Drones buzz through the skies of the Democratic Republic of the Congo to monitor this mineral-rich country that has been racked with war for 20 years. The U.N. Stabilization Mission, or MONUSCO, a peacekeeping operation with over 21,000 personnel, brought two of these Unmanned Aerial Vehicles into action in the DRC last April. MONUSCO then offered to share drone-collected information with humanitarian NGOs working in the DRC.
The offer was emphatically rejected.
The NGOs reject drones because MONUSCO is a military operation. International NGOs are humanitarian and as such are bound to the principles of “neutrality, impartiality and operational independence.” Using drones for both military and humanitarian information gathering compromises these principles.
A July 14, 2014 statement released by NGOs working in the DRC pointed to the potential for data gathered with a humanitarian objective nevertheless informing combat operations.
2006’s guidelines for how humanitarian actors and MONUSCO are to coordinate has recently been revised, but IRIN reports that a final draft “does not directly address the use of info gained through drones.”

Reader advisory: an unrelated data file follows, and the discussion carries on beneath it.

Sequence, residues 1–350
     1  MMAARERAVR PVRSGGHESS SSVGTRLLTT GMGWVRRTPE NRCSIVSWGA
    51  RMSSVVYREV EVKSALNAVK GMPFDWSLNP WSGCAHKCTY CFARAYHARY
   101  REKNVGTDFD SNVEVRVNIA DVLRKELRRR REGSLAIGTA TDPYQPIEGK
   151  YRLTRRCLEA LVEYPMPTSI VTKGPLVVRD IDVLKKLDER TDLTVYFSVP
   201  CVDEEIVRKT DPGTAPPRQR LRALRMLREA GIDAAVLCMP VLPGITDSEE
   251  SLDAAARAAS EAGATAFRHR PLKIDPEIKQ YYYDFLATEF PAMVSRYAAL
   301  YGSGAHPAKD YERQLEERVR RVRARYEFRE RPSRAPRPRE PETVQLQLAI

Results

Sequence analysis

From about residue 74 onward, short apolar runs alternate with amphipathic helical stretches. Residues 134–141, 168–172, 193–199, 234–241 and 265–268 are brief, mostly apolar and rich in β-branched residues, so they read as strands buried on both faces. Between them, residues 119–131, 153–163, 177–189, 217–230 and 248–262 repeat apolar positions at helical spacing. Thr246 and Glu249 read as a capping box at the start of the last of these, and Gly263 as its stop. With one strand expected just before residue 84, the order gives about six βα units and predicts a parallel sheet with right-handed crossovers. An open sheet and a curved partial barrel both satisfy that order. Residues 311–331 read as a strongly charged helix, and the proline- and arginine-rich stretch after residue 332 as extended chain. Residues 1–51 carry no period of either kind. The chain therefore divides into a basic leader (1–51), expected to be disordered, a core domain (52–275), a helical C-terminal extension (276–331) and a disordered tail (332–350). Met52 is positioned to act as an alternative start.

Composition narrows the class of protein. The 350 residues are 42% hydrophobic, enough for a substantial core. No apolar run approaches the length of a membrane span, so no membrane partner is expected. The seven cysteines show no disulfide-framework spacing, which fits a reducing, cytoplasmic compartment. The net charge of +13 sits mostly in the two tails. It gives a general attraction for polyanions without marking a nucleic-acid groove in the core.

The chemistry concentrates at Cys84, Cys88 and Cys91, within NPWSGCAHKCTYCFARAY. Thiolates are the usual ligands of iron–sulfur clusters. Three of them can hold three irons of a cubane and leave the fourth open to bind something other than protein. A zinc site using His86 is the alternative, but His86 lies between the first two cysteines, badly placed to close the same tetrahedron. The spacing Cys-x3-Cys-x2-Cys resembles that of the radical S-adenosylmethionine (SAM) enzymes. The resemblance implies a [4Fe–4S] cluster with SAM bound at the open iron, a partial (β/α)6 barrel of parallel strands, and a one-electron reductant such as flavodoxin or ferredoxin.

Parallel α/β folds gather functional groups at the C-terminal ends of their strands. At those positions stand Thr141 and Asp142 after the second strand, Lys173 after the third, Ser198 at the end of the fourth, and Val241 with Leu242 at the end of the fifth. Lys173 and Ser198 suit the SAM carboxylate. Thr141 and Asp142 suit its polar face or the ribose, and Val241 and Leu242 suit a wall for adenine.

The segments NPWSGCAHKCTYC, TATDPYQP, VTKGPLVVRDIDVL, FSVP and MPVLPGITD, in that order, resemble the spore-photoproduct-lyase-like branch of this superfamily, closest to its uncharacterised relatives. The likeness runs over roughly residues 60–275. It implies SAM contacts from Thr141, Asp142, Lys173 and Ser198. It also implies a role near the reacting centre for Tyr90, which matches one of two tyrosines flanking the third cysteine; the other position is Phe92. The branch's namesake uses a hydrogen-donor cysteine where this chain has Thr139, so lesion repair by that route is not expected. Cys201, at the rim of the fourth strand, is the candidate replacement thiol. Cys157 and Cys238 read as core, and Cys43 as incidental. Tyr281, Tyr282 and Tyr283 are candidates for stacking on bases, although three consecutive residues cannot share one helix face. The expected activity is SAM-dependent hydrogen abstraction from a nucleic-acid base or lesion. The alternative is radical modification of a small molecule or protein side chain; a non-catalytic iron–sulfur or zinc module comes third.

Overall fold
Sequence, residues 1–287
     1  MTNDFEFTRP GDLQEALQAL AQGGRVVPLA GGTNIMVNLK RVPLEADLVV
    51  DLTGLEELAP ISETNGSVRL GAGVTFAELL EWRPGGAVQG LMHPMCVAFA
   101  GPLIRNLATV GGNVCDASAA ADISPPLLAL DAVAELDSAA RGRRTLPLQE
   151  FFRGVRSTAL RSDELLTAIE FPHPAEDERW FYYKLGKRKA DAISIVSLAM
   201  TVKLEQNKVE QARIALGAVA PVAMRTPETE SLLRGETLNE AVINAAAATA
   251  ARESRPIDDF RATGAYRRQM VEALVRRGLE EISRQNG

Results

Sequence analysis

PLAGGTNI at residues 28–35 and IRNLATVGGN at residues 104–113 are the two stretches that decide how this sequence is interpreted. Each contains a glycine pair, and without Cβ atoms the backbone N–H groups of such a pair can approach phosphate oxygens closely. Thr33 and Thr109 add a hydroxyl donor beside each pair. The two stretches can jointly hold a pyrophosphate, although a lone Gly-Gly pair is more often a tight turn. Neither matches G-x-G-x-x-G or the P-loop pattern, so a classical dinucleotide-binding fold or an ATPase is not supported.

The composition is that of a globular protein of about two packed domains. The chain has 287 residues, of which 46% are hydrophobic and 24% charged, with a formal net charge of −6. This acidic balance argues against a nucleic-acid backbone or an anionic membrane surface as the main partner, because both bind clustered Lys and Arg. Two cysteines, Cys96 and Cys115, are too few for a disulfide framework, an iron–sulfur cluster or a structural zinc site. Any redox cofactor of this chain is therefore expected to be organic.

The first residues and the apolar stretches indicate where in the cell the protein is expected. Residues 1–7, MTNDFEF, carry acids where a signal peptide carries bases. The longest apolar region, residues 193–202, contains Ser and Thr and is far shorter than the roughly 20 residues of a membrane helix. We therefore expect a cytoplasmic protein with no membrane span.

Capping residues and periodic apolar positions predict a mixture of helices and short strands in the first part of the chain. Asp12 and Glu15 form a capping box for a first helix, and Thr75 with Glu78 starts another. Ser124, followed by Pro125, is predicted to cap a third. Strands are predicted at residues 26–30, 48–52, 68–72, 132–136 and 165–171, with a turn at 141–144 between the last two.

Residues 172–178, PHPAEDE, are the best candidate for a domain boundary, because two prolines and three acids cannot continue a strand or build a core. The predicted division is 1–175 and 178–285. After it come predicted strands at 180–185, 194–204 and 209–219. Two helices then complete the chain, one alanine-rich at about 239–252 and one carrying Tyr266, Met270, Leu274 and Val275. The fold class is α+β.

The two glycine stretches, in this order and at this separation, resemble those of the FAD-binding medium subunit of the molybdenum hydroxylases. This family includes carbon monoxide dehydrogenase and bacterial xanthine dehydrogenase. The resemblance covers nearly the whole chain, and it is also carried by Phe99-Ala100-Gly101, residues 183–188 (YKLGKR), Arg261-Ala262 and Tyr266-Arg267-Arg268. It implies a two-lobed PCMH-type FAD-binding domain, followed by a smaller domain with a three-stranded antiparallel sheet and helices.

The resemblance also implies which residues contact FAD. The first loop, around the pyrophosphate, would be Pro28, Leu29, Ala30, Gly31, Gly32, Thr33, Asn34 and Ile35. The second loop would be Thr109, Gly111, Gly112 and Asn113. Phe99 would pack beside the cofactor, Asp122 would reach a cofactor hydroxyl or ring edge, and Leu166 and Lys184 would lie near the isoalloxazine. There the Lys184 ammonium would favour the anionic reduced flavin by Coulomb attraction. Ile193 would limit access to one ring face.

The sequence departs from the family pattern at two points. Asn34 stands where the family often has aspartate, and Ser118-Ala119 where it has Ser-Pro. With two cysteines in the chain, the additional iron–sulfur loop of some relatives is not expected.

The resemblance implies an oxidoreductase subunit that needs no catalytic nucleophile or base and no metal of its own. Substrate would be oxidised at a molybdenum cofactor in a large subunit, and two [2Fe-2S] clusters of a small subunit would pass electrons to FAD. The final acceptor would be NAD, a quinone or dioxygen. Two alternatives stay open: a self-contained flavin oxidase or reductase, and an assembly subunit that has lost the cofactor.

NGOs are concerned that they have no guarantee the info will come from non-drone sources.
Drones have served both military and non-military purposes in the past. For example, while one drone might use its infrared camera to search for people congregating at night (a sign of an attack brewing), another drone might be tasked with monitoring the geological activity of a volcano.
On May 5, 2014, drones in Rwanda that were flying over Lake Kivu relayed information indicating a ferry had capsized, leaving 20 people in the water struggling for their lives. Rescuers saved 14 people who probably would have drowned otherwise.
However, the issue here is not whether drones are capable of serving a non-military function; humanitarian organizations know they would find information gathered by drones helpful. The issue is that, according to certain core principles, humanitarian NGOs cannot take sides in a war.
The drones’ many uses could embroil the NGOs in the conflict because MONUSCO might use “humanitarian information” for military purposes.
The region these drones patrol is highly unstable, with many armed groups fomenting conflict there. Last June, members of the Democratic Forces for the Liberation of Rwanda, a militia group with a large presence in the DRC, proclaimed their desire to disarm and negotiate. Provided the offer to disarm was genuine, some thought this might stabilize the region to a certain extent.
However, recent attacks on barracks in Kinshasa by a separate group highlight how one party’s exit from the conflict can hardly be used to foretell an end to the larger conflict. Because of this, drones will remain a fixture in the DRC’s skies.